- Trusted Third-Party Certificates: Provided by a CA, these are automatically trusted by clients (unlike the two options above), so the deployment is simplified.
When you go to purchase a certificate from a CA you’re going to find that different types to purchase.
- Wildcard Certificates: Can represent multiple domain names (for example *.jasoncoltrin.com), however these types of certs provide a less secure method because the wildcard can be used for any sub-domain. Microsoft does not recommend wildcard certs, but to use SAN’s.
- Subject Alternative Name (SAN) or Unified Communications Certificates (UCC) certificates are considered better in this regard because you specifically list out each of the trusted domain names. *It is considered best practice to use as few host names as possible (perhaps as few as three).
The CA Process for Obtaining and Installing Certs
- Take a look at the GoDaddy website for SSL Certificates
- Begin the process of managing a purchased certificate
- We will return to our Exchange Server and use the Exchange Certificate Wizard to obtain a Certificate Signing Request (CSR)
- Use the CSR to complete the GoDaddy certificate process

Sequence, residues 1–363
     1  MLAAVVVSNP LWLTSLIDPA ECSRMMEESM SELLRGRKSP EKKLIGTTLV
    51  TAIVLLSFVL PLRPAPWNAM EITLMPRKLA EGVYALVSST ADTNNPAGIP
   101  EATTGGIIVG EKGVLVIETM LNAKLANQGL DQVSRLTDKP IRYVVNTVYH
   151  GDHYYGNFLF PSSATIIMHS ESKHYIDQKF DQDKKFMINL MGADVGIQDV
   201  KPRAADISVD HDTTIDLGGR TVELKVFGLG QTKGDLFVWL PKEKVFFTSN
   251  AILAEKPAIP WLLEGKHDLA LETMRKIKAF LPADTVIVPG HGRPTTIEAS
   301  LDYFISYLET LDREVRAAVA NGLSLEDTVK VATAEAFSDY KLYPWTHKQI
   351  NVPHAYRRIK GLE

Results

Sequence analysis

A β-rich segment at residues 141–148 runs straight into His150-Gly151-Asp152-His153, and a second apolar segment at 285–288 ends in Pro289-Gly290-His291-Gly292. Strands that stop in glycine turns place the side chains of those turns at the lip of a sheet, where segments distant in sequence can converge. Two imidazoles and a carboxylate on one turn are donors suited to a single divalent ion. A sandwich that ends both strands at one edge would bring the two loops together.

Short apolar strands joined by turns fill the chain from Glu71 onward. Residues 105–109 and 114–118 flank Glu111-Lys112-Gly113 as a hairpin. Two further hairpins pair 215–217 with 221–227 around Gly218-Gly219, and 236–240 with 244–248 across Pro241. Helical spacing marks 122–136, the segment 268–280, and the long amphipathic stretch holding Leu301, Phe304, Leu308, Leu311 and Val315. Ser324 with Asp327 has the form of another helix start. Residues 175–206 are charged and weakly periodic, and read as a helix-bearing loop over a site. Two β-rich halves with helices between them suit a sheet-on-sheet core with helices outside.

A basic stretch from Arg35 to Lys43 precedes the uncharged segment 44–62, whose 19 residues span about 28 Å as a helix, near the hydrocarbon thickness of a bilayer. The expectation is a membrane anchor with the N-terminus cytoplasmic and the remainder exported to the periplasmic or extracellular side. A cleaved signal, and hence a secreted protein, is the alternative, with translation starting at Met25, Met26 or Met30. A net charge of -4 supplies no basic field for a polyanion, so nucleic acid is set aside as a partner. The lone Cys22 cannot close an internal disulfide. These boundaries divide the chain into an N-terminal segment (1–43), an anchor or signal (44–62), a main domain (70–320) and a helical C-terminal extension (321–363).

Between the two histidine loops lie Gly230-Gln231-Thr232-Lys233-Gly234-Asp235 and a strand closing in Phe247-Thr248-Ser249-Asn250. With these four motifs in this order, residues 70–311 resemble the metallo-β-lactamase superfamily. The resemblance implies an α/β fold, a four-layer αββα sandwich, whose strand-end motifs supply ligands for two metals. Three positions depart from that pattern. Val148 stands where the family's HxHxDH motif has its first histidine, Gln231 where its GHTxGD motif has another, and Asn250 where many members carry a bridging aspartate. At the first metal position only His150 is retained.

- Once that certificate is provided (up to 72 hours), we will install it on our Client Access Server
After submitting the encrypted data to GoDaddy, you will see the Subject Alt Names and Primary Domain Name. Your cert will be issued shortly (72hrs), and at that time we will be able to import it. Once the cert is issued, you can download it from GoDaddy. The cert will come down zipped, so unzip it.
Go back to the EMC, You will still see your requests and your self signed cert. Right-click on the SSL Cert and choose Complete Pending Request.
Browse to the downloaded cert (domain.com – not the intermediate cert), click complete, and that’s all there is to it. So we’ve installed it but don’t have any services using it. Right-click on the cert and choose Assign Services to Certificate.
Use SMTP, IIS, click Next, and then Assign.
Do we want to override? Yes.
When we downloaded and unzipped the SSL Certificate, we also received an Intermediate Certificate. The intermediate certificate is used to enhance the security of the root certificate. These are also called a Chained Root Certificates. There are instructions on the GoDaddy site for installing the Intermediate Certificate. It is optional, but you should install the Intermediate certificate if the CA provides you with one, but we will forego that for now. Your CA may or may not issue Intermediate certificates.
In conclusion, in this lesson we discussed the benefits of SSL digital certificates, encouraged SAN certificates, worked through the process of requesting a certificate from the GoDaddy Certificate Authority, and installed and enabled services using that cert on our Exchange Client Access Server.
A large majority of the content provided in my Blog’s Exchange series is derived from J. Peter Bruzzese’ excellent Train Signals Exchange Server 2010 Video Disk Series, as well as my own Exchange 2010 lab. Trainsignal.com is an invaluable source for accurate, easy to understand, IT information and training. http://www.trainsignal.com